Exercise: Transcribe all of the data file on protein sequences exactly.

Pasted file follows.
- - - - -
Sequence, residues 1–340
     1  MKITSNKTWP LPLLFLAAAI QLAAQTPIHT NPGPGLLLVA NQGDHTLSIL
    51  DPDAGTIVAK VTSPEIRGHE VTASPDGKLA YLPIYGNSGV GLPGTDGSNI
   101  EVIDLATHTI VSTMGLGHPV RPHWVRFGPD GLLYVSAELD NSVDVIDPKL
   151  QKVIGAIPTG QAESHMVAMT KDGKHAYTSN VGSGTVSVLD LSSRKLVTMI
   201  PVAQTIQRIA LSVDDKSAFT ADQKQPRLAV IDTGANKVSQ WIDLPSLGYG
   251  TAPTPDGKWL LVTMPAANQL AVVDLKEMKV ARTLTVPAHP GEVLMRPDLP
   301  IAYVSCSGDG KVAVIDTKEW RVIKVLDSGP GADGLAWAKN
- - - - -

Sequence, residues 1–340
     1  MKITSNKTWP LPLLFLAAAI QLAAQTPIHT NPGPGLLLVA NQGDHTLSIL
    51  DPDAGTIVAK VTSPEIRGHE VTASPDGKLA YLPIYGNSGV GLPGTDGSNI
   101  EVIDLATHTI VSTMGLGHPV RPHWVRFGPD GLLYVSAELD NSVDVIDPKL
   151  QKVIGAIPTG QAESHMVAMT KDGKHAYTSN VGSGTVSVLD LSSRKLVTMI
   201  PVAQTIQRIA LSVDDKSAFT ADQKQPRLAV IDTGANKVSQ WIDLPSLGYG
   251  TAPTPDGKWL LVTMPAANQL AVVDLKEMKV ARTLTVPAHP GEVLMRPDLP
   301  IAYVSCSGDG KVAVIDTKEW RVIKVLDSGP GADGLAWAKN